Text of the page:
Judicial review is a highly complex and developing subject. It has its roots long back and its scope and extent varies from case to case. It is considered to be the basic feature of the Constitution. The Court in exercise of its power of judicial review would jealously guard the human rights, fundamental rights and the citizens' right of life and liberty as also many non-statutory powers of governmental bodies as regards their control over property and assets of various kinds which could be expended on building hospitals, roads and the like, or overseas aid, or compensating victims of ex parte Fire Brigades Union [1995] 2 WLR 1.

The Court, however, exercises its power of restraint in relation to interference of policy. In his recent book 'Constitutional Reform in the UK' at page 105, Dawn Oliver commented thus:

"However, this concept of democracy as rights- based with limited governmental power, and in particular of the role of the courts in a democracy, carries high risks for the judges and for the public. Courts may interfere inadvisedly in public administration. The case of Bromley London Borough Council v. Greater London Council ([1983] 1 AC 768, HL) is a classic example. The House of Lords quashed the GLC cheap fares policy as being based on a misreading of the statutory provisions, but were accused of themselves misunderstanding transport policy in so doing. The courts are not experts in policy and public administration hence Jowell's point that the courts should not step beyond their institutional capacity (Jowell, 2000). Acceptance of this approach is reflected in the judgments of Laws LJ in International Transport Roth GmbH v. Secretary of State for the Home Department ([2002] EWCA Civ 158, [2002] 3 WLR 344) and of Lord Nimmo Smith in Adams v. Lord Advocate (Court of Session, Times, 8 August 2002) in which a distinction was drawn between areas where the subject matter lies within the expertise of the courts (for instance, criminal justice, including sentencing and detention of individuals) and those which were more appropriate for decision by democratically elected and accountable bodies. If the courts step outside the area of their institutional competence, government may react by getting Parliament to legislate to oust the jurisdiction of the courts altogether. Such a step would undermine the rule of law. Government and public opinion may come to question the legitimacy of the judges exercising judicial review against Ministers and thus undermine the authority of the courts and the rule of law." It is not possible to lay down the standard exhaustively as to in what situation a writ of mandamus will issue and in what situation it will not. In other words, exercise of its discretion by the Court will also depend upon the law which governs the field, namely, whether it is a fundamental law or an ordinary law.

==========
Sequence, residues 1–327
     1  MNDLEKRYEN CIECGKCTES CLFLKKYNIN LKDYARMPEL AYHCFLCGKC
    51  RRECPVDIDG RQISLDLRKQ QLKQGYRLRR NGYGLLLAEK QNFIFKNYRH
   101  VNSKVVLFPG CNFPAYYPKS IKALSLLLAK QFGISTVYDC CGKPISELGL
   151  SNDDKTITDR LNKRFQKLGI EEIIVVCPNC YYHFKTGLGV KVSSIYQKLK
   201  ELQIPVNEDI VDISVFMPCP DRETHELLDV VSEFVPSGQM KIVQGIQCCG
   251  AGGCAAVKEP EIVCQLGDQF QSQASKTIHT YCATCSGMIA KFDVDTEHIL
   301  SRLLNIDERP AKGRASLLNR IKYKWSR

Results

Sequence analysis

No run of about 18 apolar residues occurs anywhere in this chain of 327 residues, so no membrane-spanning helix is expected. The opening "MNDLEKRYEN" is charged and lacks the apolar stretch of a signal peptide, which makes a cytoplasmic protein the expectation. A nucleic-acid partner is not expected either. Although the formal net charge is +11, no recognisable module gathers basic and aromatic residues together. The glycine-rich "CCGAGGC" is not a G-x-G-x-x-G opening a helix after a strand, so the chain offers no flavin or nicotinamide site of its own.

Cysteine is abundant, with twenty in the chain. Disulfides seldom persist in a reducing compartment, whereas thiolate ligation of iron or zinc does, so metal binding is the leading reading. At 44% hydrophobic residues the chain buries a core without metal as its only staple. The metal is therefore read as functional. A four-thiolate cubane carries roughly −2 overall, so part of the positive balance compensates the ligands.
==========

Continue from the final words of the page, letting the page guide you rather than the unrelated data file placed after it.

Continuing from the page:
It is, however, trite that ordinarily the Court will not exercise the power of the statutory authorities. It will at the first instance allow the statutory authorities to perform their own functions and would not usher the said jurisdiction itself.

[(1998) 8 SCC 143] this Court declined a suggestion that the Court itself examined and decided the question in issue stating:

"28.Instead of sending any reply, the management filed the writ petition in the High Court, leading to passing of the impugned orders.

Thus, till this date the appellant-authorities have not yet exercised their discretion. Submission for the respondents was that this Court itself should examine and decide the question in issue based on the material on record to set at rest the long- standing issue. We have no hesitation to decline such a suggestion. The courts can either direct the statutory authorities, where it is not exercising its discretion, by mandamus to exercise its discretion, or when exercised, to see whether it has been validly exercised. It would be inappropriate for the Court to substitute itself for the statutory authorities to decide the matter." It was further observed :